18 August 2005 Edition

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Restoration of Newry monument

Newry republicans honour Ireland's dead

Newry republicans honour Ireland's dead

During the early hours of Friday 20 August 2004 the Republican Memorial in St Mary's Cemetery in Newry was smashed to pieces by loyalists. It was the latest in a long history of attacks on republican monuments in the area.

Following the desecration of the graves and destruction of memorial headstones dedicated to republicans who lost their lives in the fight for Irish freedom, members of Cumann na nUaigheanna Poblachtacha an Iúir immediately set about the task of restoring a fitting monument as tribute to the fallen Volunteers of Óglaigh na hÉireann.

Relatives and comrades of the dead Volunteers initiated a vigorous campaign to raise the necessary funds required to erect a new monument. This was complimented by an outpouring of republican unity and support from the community at large. Exactly one year and one week to the day of that destruction the new Republican Memorial will be unveiled in St Mary's Cemetery on Friday 26 August.

The new monument will reflect the ultimate sacrifice made by many Volunteers since the foundation of Óglaigh na hÉireann during the 1916 Rising in Dublin. In total, the group has identified 22 Volunteers whose names have been inscribed on the monument, which will stand as testament to those republicans who lost their lives during all of the armed campaigns by Óglaigh na hÉireann in its attempt to break the connection with England.

This list includes seven Volunteers who died during the 1920s. Volunteers Peter Shields, John O'Hare and William Canning died as a result of an attack on the British Army carried out at the Egyptian Arch, Camlough Road on 13 December 1920.

In 1921 during the months of October and November both Volunteers Hugh O'Hare and Harry McKigney died as a result of accidental shootings.

On 22 April 1923 two brothers from Newry, John and Patrick Quinn, were hiding in a house in Castlebellingham when they were surrounded by a large force of Free State soldiers. Following a fierce gun battle both men were wounded and taken prisoner. One month later Commandant General John Francis Quinn died from wounds received during the gun battle. His remains are interred in St Mary's Cemetery.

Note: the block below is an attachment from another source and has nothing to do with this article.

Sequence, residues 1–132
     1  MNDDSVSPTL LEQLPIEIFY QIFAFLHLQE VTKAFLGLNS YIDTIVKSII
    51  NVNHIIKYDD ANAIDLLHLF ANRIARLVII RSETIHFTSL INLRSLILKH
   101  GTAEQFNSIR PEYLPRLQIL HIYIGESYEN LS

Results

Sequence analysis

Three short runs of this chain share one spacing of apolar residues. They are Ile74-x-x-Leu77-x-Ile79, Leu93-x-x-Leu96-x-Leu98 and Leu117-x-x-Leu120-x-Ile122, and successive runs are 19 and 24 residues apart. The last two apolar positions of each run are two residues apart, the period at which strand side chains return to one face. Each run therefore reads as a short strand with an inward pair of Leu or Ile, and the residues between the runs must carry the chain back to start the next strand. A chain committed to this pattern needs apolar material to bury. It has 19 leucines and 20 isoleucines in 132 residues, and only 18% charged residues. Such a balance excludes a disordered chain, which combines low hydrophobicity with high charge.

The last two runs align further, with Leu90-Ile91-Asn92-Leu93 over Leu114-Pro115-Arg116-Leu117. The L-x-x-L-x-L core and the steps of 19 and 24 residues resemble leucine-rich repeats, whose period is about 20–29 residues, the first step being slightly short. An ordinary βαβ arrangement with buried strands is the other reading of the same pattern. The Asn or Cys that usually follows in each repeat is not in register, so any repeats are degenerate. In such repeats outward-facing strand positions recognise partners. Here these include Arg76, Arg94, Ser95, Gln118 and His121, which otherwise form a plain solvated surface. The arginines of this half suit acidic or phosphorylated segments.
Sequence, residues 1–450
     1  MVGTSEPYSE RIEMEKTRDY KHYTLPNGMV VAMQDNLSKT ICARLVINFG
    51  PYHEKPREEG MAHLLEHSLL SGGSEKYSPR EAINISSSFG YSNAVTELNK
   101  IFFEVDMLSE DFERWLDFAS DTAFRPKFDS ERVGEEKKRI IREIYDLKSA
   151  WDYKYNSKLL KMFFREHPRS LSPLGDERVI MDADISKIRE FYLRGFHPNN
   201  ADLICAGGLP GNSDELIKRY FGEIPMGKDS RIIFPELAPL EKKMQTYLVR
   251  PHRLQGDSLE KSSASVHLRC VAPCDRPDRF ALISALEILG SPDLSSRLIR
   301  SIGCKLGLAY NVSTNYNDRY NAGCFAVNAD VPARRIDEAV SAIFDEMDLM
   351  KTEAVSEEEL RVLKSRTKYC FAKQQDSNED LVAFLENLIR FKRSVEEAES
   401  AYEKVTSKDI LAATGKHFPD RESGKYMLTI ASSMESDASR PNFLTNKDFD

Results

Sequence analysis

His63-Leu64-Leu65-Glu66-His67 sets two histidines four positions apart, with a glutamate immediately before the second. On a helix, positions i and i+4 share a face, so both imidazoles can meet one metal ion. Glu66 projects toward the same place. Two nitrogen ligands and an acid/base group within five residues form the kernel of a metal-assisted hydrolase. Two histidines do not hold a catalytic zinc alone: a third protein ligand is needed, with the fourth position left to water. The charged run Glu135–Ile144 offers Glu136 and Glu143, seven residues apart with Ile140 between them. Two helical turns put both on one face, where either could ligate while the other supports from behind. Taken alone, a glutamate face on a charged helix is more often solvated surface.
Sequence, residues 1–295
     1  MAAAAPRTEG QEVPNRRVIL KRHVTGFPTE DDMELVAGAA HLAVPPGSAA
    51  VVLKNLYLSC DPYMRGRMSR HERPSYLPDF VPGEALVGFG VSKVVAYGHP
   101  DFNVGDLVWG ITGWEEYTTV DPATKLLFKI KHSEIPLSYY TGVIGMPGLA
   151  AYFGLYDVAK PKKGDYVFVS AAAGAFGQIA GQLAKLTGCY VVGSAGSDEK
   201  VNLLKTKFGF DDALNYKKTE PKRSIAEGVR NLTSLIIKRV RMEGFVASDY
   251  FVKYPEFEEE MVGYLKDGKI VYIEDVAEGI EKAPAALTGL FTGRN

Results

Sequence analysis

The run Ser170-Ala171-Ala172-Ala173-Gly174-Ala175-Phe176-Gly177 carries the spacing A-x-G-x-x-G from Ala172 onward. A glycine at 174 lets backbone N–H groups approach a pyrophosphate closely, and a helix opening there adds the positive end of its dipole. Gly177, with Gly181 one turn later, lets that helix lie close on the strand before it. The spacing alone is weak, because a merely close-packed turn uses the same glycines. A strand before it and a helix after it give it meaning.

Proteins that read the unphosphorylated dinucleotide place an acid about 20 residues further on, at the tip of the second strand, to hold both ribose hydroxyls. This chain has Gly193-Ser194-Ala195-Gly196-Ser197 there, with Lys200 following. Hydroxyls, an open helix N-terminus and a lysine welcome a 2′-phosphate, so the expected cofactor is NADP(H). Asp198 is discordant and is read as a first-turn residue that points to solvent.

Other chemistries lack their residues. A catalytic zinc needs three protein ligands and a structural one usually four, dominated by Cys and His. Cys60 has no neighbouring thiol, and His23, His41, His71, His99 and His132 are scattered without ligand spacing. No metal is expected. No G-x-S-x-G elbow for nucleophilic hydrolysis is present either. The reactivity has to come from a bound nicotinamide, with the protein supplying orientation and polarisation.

Despite the ending of a military campaign in 1923 Volunteer Thomas Carr was shot dead by an RUC man named Tutty, outside Newry Cathedral on Hill Street on Thursday afternoon 12 February 1925.

Another two local Volunteers, Oliver Craven and Paul Smith died at Edentubber on 11 November 1957.

During the period from 1970 to the present day 13 more Volunteers were to die, they are listed as follows,

Volunteer Colm Murtagh

From Drumalane Park. Died on Active Service August 1972

Volunteer Oliver Rowntree

From Monaghan Row Died on Active Service August 1972

Volunteer Patrick Hughes

From Derrybeg Park. Died on Active Service August 1972

Volunteer Noel Madden

From W'Point Road. Died on Active Service August 1972

Volunteer Edward Grant

From Derrybeg Park. Died on Active Service December 1973

Volunteer Brendan Quinn

From Cloughreagh Bessbrook. Died on Active Service December 1973

Volunteer Colman Rowntree

Died on Active Service at Ballyholland May 1974

Volunteer Martin McAlinden

Monaghan Street. Died on Active Service at Ballyholland May 1974

Volunteer Patrick McKeown

From Violet Hill Avenue. Died on Active Service August 1974

Volunteer Michael Hughes

From Derrybeg Park. Died on Active Service October 1974

Volunteer Robert Carr

From Fathom Park. Died of wounds received April 1980.

Volunteer Brendan Watters

From Derrybeg Park. Died on Active Service August 1984

Volunteer Colum Marks

From Parkhead Cres. Died on Active Service in Downpatrick April 1991

The new memorial will be unveiled following a parade to St Mary's Cemetery on Friday 26 August. Assemble at 7pm out side Newry Sports Centre. Speakers are Martin Ferris TD and Conor Murphy MP.


An Phoblacht
44 Parnell Sq.
Dublin 1
Ireland
 

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